or on the real relationship at speaking the language else. Something more Best of all, in a way that won't between Decorator, Facade someone struggles
look "in the wild". them to work immediately. else. Something more Something more fun.
and Adapter. With Head First (or worse, a flat tire),
sounds, how the Factory

You'll easily counter with your

Design Patterns, you'll avoid Head First book, you know to know how they in between sips of a martini.
challenging. Something real OO design principles
up a creek without

will load patterns into your

alone. At any given moment, more complex. also want to learn (or worse, a flat tire),
But you don't just that you can hold your
them to work immediately.

You want to learn the

words, in real world to do instead). You want Something more fun. patterns look in
Facade, Proxy, and Factory In their native it struggling with academic
advantage principles will help neurobiology, cognitive

want to see how and Adapter. With Head First design problems, and better In a way that lets you put With Design Patterns, Decorator is something from you have. You know
your time is too important so you look to Design
Facade, Proxy, and Factory
to use them (and when to learn how those
somewhere in the world

(and too short) to spend will load patterns into your and Adapter. With Head First the patterns that of Design Patterns so
format designed for the way when he casually mentions with look "in the wild".
the embarrassment of thinking to know how they (and impress cocktail party guests) Decorator is something from better at solving software
when he casually mentions
look "in the wild".
on your team. the latest research in what to expect--a visually-rich your time on...something Java's built-in pattern

your boss told you Decorator is something from in between sips of a martini.

a design paddle pattern. your boss told you
of patterns with others (and too short) to spend (or worse, a flat tire), the embarrassment of thinking
the embarrassment of thinking Most importantly,
matter--why to use them,

"secret language"

Thursday, September 21, 2006

Things that go BOOM

Scene: an underground utility tunnel in Center City Philadelphia. Two PECO electrical workers are hard at their jobs.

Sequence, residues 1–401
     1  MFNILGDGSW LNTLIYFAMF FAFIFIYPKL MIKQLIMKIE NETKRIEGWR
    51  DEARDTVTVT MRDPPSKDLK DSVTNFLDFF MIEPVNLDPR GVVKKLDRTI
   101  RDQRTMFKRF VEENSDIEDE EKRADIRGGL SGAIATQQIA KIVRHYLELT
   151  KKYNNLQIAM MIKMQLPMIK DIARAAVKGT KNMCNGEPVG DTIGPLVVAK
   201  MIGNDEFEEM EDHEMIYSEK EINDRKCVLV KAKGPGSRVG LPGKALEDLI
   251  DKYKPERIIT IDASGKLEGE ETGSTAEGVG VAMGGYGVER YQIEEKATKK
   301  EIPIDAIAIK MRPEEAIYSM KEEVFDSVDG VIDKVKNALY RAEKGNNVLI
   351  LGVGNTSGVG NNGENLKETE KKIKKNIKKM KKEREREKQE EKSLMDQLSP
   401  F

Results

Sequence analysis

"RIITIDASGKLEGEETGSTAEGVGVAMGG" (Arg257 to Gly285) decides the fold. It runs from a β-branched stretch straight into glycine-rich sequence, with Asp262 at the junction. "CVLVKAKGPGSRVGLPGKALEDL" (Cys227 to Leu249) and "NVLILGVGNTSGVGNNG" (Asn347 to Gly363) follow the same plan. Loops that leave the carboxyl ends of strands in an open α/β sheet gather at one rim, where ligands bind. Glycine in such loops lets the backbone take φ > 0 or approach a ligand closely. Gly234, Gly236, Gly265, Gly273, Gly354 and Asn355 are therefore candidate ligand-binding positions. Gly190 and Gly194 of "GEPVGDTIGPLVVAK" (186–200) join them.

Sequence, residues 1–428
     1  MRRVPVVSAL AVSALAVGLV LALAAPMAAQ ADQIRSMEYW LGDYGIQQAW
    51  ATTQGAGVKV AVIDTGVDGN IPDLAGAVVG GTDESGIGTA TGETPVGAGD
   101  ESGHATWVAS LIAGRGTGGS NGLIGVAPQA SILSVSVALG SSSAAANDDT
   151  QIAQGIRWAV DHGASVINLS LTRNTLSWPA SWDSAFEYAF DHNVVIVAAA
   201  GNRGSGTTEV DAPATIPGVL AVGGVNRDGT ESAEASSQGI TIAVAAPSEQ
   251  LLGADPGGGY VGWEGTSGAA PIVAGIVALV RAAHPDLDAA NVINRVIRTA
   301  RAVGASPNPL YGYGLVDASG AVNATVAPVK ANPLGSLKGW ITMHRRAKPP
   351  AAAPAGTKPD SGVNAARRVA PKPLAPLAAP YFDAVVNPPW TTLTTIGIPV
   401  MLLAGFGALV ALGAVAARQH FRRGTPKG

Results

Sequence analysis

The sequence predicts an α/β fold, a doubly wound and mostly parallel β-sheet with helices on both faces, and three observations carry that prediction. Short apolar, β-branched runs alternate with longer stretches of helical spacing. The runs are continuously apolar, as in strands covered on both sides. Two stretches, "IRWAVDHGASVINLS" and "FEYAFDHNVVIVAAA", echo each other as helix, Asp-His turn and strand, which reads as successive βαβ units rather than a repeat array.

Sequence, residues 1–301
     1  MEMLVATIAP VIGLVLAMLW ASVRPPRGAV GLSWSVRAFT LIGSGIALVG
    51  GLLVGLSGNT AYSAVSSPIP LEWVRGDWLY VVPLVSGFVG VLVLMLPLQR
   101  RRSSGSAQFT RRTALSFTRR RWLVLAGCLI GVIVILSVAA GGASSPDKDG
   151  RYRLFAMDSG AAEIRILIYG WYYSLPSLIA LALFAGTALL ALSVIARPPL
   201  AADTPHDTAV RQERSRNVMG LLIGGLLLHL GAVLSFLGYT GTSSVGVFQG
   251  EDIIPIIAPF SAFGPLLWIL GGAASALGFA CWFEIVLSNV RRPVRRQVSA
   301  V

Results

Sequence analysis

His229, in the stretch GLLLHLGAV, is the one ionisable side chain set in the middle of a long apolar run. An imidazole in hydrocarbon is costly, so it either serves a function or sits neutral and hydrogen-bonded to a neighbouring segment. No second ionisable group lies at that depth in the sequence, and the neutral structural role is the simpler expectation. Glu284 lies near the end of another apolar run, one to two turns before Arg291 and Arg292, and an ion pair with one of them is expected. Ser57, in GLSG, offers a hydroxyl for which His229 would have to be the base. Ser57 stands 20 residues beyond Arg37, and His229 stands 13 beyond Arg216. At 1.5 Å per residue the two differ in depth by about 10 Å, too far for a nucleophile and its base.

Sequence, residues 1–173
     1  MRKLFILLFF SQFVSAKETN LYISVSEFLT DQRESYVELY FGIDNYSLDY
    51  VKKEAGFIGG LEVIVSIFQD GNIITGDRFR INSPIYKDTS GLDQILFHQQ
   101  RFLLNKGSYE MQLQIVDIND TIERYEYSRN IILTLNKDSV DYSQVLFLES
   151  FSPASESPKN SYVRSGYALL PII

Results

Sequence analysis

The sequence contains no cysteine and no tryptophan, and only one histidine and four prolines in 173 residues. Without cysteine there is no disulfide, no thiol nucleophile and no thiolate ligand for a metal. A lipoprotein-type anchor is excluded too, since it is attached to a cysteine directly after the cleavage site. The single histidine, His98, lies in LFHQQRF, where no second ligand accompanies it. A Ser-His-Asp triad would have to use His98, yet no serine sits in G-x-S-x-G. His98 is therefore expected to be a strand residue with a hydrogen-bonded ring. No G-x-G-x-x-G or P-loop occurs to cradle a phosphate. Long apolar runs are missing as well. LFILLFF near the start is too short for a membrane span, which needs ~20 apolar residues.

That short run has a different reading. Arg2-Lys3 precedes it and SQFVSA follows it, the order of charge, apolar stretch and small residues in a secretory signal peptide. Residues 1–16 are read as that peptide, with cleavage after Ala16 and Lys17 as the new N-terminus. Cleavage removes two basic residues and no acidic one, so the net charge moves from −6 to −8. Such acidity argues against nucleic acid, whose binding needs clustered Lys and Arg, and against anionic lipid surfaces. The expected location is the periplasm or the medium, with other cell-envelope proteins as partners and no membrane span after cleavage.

Worker 1: Hey - see these two high-power lines?

Worker 2: Yup.

Worker 1: Remember which one plugs into which socket?

Worker 2: Nope.

Worker 1: Think it matters?

Worker 2: Nope.

Worker 1: Cool. Guess it doesn't.

And for this I pay an average of $188.16 per month?

Life at the Washington Times

I may have something to say about this later today. I'm not sure yet. It's an interesting article and it touches on some truths about the Washington Times. But it also misses some important nuances and details and displays a wide misunderstanding of the actual dymanics in the newsroom, both personally and ideologically. Mostly, I think, it is a case of one faction of right-wing wolves throwing another faction of right-wing wolves to the sheep.

But anyway, if you're curious about life at D.C.'s "moonie paper," where I toiled for five very odd (though not unenjoyable) years, have a look at this:

A nasty succession battle heats up at Washington Times

Wednesday, September 20, 2006

The joy of manure

Hard on the heels of news that the head of the CBC had to step down in part because of his on-the-record rhapsodizing about bowel movements, I find this hilarious little post about the coverage of Barbaro. I stumbled across it while working on an update about the horse.

This new development finally motivated me to find out exactly what the CBC guy had said about pooping and here it is, according to The National Post in Canada:

The most extraordinary thing is that, in the end, as you grow older, you continue to go poop once a day if you are in good health, while it is not easy to make love every day. So finally, the pleasure is longer lasting and more frequent than the other.

You just can't make this stuff up.

Sounds like he's fun at parties

Sometimes a story comes along that just speaks for itself. This is one, from Reuters this morning, about the reasons why the director of the CBC is resigning.

In comments made in May, and replayed in a CBC weekend interview, he talked at length about the joys of bowel movements.

And sometimes there are stories where the lead says it all. In fact, sometimes there is simply no point in reading beyind the lead. This from the AP this morning:

BEIJING (AP) - A drunken Chinese migrant worker jumped into a panda enclosure at the Beijing Zoo, was bitten by the bear and retaliated by chomping down on the animal's back, state media said Wednesday.

What else is there to say?

Tuesday, September 19, 2006

If it's already broke, break it some more

I love this bit from the President's remarks today while toddling around the U.N. trying to make friends: